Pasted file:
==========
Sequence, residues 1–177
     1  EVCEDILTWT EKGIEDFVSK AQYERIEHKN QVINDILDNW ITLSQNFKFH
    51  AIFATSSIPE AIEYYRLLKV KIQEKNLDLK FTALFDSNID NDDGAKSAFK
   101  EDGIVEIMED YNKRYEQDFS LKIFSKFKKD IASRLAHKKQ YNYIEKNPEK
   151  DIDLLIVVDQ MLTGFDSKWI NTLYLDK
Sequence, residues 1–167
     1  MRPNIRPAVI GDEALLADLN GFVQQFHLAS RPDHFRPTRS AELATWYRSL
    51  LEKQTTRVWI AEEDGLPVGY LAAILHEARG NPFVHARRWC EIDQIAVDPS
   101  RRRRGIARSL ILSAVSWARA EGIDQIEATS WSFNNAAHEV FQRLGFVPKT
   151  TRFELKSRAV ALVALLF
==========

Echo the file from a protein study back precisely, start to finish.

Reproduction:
Sequence, residues 1–177
     1  EVCEDILTWT EKGIEDFVSK AQYERIEHKN QVINDILDNW ITLSQNFKFH
    51  AIFATSSIPE AIEYYRLLKV KIQEKNLDLK FTALFDSNID NDDGAKSAFK
   101  EDGIVEIMED YNKRYEQDFS LKIFSKFKKD IASRLAHKKQ YNYIEKNPEK
   151  DIDLLIVVDQ MLTGFDSKWI NTLYLDK
Sequence, residues 1–167
     1  MRPNIRPAVI GDEALLADLN GFVQQFHLAS RPDHFRPTRS AELATWYRSL
    51  LEKQTTRVWI AEEDGLPVGY LAAILHEARG NPFVHARRWC EIDQIAVDPS
   101  RRRRGIARSL ILSAVSWARA EGIDQIEATS WSFNNAAHEV FQRLGFVPKT
   151  TRFELKSRAV ALVALLF